Considering the possible damage that a dog can do in the event of an aggressive response (however unlikely) is a very important consideration when choosing a dog breed. Especially if you have young children, who at best of times are loud, unpredictable and very likely to pull or pinch a dog. All of these can be enough to push even the calmest dog (or parent) over the edge.

So what dog breeds are the least aggressive? Golden Retrievers, Labradors Retrievers, Bernese Mountain Dogs, Brittany Spaniels, Greyhounds and Whippets were the least aggressive toward both humans and dogs. If you have a family with young children you’ll be safer considering one of these breeds.

Myth #5. How much quality time I spend with my dog does not effect its behaviour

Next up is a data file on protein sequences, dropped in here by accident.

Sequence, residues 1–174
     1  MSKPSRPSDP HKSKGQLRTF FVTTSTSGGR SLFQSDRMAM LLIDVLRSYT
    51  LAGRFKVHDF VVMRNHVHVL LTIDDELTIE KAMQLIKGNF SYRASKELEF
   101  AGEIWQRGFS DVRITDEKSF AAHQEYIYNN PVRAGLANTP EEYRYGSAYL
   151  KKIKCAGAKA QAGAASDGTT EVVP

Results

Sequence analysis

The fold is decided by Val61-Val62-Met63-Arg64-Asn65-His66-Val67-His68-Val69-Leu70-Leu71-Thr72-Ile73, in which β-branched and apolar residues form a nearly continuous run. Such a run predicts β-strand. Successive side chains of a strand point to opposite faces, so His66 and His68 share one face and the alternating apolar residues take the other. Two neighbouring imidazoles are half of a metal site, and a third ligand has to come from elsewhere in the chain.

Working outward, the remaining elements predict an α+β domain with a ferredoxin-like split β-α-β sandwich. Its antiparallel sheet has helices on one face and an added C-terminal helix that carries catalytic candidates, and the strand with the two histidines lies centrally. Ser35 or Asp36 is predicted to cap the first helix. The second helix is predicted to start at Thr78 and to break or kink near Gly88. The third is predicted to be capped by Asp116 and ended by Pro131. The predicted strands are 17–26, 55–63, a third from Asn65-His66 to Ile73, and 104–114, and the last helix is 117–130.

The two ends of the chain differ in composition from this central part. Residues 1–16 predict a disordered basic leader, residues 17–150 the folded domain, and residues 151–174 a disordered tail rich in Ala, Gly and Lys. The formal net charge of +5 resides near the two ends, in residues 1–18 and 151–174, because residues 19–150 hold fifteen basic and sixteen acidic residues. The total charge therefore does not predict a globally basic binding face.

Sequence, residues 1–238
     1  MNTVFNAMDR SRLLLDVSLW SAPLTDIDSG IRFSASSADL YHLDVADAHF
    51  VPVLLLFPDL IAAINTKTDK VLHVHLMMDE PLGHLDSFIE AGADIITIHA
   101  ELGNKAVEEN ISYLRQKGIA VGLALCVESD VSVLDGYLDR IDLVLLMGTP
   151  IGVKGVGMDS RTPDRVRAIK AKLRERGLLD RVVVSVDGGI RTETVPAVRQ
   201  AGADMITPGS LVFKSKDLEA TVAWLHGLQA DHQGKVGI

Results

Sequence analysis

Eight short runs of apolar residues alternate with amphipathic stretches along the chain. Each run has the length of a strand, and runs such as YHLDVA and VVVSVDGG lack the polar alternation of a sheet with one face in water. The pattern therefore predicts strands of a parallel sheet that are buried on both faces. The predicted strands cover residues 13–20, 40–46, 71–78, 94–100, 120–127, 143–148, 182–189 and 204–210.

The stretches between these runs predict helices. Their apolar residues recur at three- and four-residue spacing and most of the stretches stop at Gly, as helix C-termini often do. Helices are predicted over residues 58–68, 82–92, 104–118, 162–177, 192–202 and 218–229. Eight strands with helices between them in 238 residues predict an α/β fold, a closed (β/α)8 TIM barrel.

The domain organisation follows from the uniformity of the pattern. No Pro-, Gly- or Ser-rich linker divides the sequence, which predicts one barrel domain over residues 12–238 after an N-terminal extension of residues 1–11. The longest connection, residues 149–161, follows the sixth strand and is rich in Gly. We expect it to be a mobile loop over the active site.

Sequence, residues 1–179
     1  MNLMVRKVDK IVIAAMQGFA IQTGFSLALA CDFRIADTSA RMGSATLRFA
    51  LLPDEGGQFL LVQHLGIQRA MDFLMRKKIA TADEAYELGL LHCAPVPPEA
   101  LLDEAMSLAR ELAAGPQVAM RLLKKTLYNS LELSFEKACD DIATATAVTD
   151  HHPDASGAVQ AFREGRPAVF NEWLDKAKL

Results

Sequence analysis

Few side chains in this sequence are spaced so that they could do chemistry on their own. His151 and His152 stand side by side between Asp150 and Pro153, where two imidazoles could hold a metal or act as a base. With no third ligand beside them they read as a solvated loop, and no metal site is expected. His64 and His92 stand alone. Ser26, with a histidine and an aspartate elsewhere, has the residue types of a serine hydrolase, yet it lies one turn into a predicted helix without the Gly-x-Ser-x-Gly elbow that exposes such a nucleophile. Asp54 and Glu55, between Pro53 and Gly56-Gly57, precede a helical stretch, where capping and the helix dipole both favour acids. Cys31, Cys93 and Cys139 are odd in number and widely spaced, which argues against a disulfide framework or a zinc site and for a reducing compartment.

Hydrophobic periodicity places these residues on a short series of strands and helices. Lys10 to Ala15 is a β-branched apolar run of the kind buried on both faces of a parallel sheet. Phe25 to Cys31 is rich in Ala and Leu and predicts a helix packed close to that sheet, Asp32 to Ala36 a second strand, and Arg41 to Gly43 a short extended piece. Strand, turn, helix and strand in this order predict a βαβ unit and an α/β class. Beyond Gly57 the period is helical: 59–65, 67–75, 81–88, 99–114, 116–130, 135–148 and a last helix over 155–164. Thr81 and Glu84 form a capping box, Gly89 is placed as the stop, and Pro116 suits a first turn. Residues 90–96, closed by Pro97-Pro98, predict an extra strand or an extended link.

You’d be wrong to think that dogs don’t need to spend enough time with their owners to build a healthy relationship. One study showed that owners with a stronger attachment to their dogs experienced less problems with aggressive behaviours. On the other hand, dogs of owners that spent less time grooming, walking and exercising them were more likely to show aggression. 

Spending quality time with your dog may help to prevent aggressive behaviours

Image by Jennifer Regnier from Pixabay
It is interesting that factors often thought to be important in the development of dominance-related aggression, such as feeding the dog before the owner eats, and playing competitive games with the dog, were not linked to aggressive behaviours.

So take your dog out for a walk, play a fun game and give lots of cuddles (respecting your dogs boundaries, of course, see myth #3)! Not that complicated, right? 


AVSAB Position Statements

Behavioral assessment of child-directed canine aggression

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Dr Else Verbeek en witte hond